Product Hunt – With a plenty of new projects featured daily, Product Hunt easily becomes a source of an inspiration. Creators of these projects often available in the comments section and willing to answer questions.
Awwwards – Sort of an Oscar for websites. At least that’s their aim. Classy – at least no one will tell you have a poor taste.
The Best Designs – We’ve already used an Oscar analogy, so this would be Golden Globes. Same thing, different package. No paparazzi, though.
UI Parade – A showcase of UI elements, that you can compose in any order. I’d say they are “trendy”.
Smashing Magazine – I know one thing for sure – these guys choose very carefully what content they publish. Sometimes it takes months to approve, but it’s well worth the wait for both authors and readers.
Invision Blog – I’ve already mentioned that InVision does a great job with their service. It’s not surprising that they are doing a great job with their blog as well. I like that many of their articles are based on a first-hand experience, and believe me, they have a lot of experience to share.
UX Planet – Though a primary topic of Nick’s publication is a user experience, you’ll find half of the articles devoted to UI, which is not that surprising. It’s 2017 and people still writing articles “What’s the difference between UI and UX?”.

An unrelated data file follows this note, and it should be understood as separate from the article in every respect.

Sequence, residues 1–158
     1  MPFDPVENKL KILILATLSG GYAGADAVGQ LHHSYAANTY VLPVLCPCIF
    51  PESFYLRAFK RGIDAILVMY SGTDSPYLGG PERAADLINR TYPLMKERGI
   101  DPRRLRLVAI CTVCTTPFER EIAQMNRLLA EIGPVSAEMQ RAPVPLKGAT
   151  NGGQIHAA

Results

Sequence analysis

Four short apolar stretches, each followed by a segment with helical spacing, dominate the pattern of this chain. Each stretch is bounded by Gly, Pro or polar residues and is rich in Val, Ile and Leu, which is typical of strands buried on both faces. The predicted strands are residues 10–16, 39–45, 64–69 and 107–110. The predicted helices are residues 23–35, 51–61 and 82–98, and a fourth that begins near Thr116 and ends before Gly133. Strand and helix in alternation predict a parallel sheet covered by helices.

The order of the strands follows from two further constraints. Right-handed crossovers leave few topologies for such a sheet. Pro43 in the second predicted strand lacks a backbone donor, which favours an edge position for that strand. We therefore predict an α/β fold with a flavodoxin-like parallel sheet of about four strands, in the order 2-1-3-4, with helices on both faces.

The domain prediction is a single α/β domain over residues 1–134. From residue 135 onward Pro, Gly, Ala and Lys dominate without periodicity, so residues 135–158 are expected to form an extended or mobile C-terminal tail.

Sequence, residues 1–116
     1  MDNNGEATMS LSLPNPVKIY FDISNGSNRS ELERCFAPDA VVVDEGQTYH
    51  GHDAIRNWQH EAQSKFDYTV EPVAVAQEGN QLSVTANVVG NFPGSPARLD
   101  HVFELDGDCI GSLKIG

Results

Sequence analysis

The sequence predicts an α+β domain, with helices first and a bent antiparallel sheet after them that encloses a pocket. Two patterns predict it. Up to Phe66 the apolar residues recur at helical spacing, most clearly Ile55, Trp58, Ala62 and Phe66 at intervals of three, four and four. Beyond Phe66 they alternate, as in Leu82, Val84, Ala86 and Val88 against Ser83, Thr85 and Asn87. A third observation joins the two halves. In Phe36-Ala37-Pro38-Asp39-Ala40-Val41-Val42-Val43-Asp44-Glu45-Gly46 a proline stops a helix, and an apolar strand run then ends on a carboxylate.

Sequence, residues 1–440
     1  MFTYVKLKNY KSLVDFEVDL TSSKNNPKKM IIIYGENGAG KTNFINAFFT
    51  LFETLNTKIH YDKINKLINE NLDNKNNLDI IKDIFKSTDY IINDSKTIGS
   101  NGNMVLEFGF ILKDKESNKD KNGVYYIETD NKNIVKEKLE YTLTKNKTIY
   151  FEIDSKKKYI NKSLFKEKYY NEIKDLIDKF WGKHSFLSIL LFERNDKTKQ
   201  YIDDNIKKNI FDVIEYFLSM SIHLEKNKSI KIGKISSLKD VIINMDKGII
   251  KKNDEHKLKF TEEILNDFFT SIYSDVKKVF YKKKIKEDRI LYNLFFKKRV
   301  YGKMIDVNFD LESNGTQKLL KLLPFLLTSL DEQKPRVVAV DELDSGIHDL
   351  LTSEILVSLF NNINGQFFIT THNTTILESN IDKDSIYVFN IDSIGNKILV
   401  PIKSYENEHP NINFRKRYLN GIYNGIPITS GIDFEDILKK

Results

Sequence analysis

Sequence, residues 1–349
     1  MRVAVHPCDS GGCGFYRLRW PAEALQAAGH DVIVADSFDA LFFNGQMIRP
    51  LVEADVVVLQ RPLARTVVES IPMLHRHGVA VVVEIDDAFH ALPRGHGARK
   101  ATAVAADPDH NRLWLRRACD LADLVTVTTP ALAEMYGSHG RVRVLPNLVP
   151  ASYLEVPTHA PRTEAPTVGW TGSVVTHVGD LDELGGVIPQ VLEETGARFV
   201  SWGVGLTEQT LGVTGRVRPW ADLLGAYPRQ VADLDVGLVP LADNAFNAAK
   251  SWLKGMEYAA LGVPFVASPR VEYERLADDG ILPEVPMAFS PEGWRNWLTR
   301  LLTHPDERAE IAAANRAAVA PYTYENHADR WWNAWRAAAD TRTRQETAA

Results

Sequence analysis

Tubik Studio Blog – I’ve seen many design studios that start blogging and then, after a few weeks, find it tedious and unpleasant and drop it altogether. Not in this case! Tubik’s blog is constantly filled with relevant and insightful articles, showing the inner works of a successful design studio.
Hacking UI – Hacking UI is a community for designers, developers and creative entrepreneurs with a passion. Besides a blog, there is also a newsletter and a podcast.
Some websites feature everything, while others are focused on a specific type of graphic assets. By no means restrain yourself to only one.
GraphicBurger – 10,000+ graphic assets & ready to use templates.
Premium Pixels – Lots of free stuff: mock-ups, PSDs, icons, etc.
XDGuru – the biggest collection of free and premium resources for Adobe XD: UI kits, website templates, icons, tutorials and more.
SketchAppResources – If you’re an avid Sketch user, this is a no-brainer. Kits, icons, tutorials, templates and more.
StudioAmigos – a curated collection of free resources for Invision Studio.
Icons8 – The biggest icon pack created by a single design team. Thus its main advantage: all icons are made consistent with each other making it easy to combine them in a single interface. Bonus: every icon has iOS, Material Design and Windows versions, if you want to follow major companies guidelines.
Iconfinder – Iconfinder is all about quantity. With 1,5 million icons available you are destined to find something to your taste.
Nounproject – 500,000 high-quality icons. They’ve recently added recoloring feature that is very cool!
TypeGenius – Find a font combination for your design needs.
1001 Free Fonts – This name is terribly misleading. They have about 30,000 fonts to the date.
Google Fonts – Free fonts optimized for websites.
Have something to add? See you in the comments.